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Rock n’ roll has always served as a means to elevate the fringe of society, though it’s accentuated the plights of the outcasts and misfits in different ways throughout the years. In its infancy, rock was a playful rebuttal against segregation and Puritanism. In the ‘60s, it became a vehicle for an elevated consciousness. In the years following the Summer of Love and the clampdown on Flower Power, that countercultural spirit adopted the aggravated and occasionally nihilistic edge of bands like The Stooges, Black Sabbath, MC5, and The New York Dolls. And then as the ‘80s approached, popular rock n’ roll turned into a relatively benign celebration of hedonism and decadence, but that contingent of dark mystics from the ‘70s who lifted the veil and used music as a means of rallying people to altered planes had left their mark. It was an undercurrent in rock that would never die, but would percolate in corners of the underground. Today we can see it manifest in LA’s Death Valley Girls.
Death Valley Girls feels less like a band and more like a travelling caravan. At their core, vocalist/multi-instrumentalist Bonnie Bloomgarden and guitarist Larry Schemel channel Death Valley Girls’ modern spin on Fun House’s sonic exorcisms, early ZZ Top’s desert-blasted riffage, and Sabbath’s occult menace. Their relentless touring schedule means that the remainder of the group is rounded out by whichever like-minded compatriots can get in the van. On their third album Darkness Rains, bassist Alana Amram, drummer Laura Harris, and a rotating cast of guests like Shannon Lay, The Kid (Laura Kelsey), and members of The Make Up, The Shivas, and Moaning help elevate the band from their rogue beginnings to a communal ritualistic musical force. On the surface level, Death Valley Girls churn out the hypercharged, in the red, scuzzy rock every generation yearns for, but there is a more subversive force percolating beneath the surface that imbues the band with an exhilarating cosmic energy.
Death Valley Girls’ sophomore album Glow In The Dark was based on the concept that many of us are trying to become more enlightened, and you can tell by the way they ‘glow in the dark.’ Darkness Rains goes a step further, attempting to shift the consciousness of those that have not yet considered how we are all connected and how that relates to the way we view life beyond death. Those that ‘glow’ can use the songs on Darkness Rains as new chants—or they can be used for pure entertainment. “Songs come from beyond and other worlds, you just have to tune into the right radio wave signal to dial them in. Our signal happens to be in a 1970 Dodge Charger Spaceship,” says Schemel.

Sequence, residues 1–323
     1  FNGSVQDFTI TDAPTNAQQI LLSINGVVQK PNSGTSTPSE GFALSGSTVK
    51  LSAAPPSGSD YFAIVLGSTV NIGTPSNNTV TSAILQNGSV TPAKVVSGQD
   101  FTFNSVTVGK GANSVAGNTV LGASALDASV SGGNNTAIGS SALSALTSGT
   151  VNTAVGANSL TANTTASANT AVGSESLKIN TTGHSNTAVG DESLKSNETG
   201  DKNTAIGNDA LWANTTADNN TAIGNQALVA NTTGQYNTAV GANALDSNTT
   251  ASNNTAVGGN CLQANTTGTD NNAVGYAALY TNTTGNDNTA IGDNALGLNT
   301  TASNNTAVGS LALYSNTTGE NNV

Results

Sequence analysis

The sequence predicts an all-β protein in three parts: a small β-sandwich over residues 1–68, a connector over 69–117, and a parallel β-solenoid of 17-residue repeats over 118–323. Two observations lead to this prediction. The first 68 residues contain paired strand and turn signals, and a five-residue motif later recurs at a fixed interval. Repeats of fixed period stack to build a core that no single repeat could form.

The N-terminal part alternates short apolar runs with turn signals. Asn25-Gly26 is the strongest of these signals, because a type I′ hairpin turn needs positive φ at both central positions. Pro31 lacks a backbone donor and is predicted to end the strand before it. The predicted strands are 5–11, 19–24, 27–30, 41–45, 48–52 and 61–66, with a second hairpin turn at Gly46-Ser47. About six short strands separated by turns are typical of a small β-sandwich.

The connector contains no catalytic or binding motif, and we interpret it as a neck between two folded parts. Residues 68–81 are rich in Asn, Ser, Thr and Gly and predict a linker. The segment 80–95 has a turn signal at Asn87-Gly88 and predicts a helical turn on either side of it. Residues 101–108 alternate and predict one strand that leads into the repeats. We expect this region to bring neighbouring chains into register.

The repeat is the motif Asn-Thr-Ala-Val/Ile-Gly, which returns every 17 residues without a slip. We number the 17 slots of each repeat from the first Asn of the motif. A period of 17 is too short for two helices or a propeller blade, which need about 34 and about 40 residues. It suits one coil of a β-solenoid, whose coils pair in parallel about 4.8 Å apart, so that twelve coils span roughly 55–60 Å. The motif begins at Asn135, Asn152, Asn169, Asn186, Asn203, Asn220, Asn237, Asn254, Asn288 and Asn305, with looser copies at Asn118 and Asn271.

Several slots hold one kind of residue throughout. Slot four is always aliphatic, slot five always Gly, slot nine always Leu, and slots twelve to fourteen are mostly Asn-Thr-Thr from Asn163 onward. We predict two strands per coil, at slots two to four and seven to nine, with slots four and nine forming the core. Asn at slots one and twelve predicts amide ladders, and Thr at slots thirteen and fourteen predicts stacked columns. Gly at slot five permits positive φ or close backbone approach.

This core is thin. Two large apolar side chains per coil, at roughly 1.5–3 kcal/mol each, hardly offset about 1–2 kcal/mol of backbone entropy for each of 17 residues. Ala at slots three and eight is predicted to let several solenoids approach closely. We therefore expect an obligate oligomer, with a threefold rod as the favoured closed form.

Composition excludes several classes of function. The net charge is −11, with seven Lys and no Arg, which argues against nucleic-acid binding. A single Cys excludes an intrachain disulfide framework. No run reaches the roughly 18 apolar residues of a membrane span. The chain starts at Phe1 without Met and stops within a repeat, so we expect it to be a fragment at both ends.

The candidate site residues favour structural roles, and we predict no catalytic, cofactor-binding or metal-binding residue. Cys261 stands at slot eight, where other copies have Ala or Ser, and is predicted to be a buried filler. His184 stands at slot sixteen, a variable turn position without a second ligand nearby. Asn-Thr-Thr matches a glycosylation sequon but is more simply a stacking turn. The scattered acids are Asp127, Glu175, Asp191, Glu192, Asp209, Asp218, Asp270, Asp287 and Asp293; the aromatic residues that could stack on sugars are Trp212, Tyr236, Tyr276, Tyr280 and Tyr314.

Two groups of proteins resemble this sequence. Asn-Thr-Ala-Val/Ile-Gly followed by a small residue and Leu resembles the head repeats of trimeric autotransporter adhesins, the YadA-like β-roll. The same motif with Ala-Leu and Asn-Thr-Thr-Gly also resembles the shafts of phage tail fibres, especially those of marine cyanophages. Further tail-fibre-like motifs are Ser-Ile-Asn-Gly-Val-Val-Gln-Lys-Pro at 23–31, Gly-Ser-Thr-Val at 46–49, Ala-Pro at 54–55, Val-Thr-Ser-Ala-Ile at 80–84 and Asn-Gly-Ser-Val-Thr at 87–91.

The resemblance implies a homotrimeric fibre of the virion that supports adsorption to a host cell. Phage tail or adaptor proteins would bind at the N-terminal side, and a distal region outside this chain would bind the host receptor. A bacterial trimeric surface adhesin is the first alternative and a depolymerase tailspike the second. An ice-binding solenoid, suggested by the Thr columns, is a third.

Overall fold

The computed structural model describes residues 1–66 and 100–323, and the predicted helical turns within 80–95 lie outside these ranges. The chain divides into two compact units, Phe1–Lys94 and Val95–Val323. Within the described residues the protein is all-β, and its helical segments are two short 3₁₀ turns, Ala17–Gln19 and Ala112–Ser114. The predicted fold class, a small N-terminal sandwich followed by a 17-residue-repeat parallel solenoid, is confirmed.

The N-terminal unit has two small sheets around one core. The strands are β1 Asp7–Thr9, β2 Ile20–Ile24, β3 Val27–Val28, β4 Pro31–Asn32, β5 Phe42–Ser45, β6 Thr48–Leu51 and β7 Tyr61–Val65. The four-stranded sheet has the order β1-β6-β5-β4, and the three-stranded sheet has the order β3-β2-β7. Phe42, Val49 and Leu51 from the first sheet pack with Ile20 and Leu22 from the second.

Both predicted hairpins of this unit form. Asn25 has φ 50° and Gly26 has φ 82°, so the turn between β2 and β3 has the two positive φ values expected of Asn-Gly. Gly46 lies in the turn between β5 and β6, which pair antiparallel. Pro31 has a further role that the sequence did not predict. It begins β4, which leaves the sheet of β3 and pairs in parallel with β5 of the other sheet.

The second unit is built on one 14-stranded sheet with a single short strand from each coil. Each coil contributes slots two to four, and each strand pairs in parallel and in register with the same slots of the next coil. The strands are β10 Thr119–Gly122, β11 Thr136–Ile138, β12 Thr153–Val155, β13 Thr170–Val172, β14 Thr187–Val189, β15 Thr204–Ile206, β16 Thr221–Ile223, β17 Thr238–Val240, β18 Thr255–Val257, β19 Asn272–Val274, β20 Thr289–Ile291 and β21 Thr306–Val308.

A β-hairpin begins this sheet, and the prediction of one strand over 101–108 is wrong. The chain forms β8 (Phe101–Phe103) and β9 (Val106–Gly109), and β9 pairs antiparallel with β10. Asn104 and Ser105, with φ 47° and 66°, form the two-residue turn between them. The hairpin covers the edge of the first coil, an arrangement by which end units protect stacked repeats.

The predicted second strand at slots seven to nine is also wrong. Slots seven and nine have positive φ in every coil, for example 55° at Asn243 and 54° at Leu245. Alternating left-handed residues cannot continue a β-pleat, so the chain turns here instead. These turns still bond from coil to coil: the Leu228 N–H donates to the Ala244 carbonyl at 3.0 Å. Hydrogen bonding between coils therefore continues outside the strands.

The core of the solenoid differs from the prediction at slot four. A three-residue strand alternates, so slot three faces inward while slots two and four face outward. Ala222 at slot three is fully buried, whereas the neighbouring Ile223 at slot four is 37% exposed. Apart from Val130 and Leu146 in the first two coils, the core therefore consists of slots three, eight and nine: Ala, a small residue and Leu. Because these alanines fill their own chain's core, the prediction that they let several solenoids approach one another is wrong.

Album opener “More Dead” is a rousing wake up call, with a hypnotic pentatonic guitar riff and an intoxicating blown-out fuzz-wah solo underscoring Bloomgarden’s consciousness-rattling proclamation that you’re “more dead than alive.” The pace builds with “(One Less Thing) Before I Die”, a minute-and-a-half distillate of Detroit’s classic proto-punk sound. But at track three, Death Valley Girls hit their stride with “Disaster (Is What We’re After)”, a gritty, swaggering rager that takes the most boisterous moments off Exile On Main Street and beefs it up with Zeppelin’s devil’s-note blues. Darkness Rains retains its intoxicating convocations across ten tracks, climaxing on an astral plane with the hypnotic guitar drones and cult-like chants of “TV In Jail On Mars.”
“Learn from the stars and beyond! Be happy and thankful we got to live together on Earth at the same time! And death is just a shift—stay alive and awake,” Bloomgarden and Schemel respond when asked for a final thought on Death Valley Girls. “Embrace the darkness and don’t fear the Reaper.”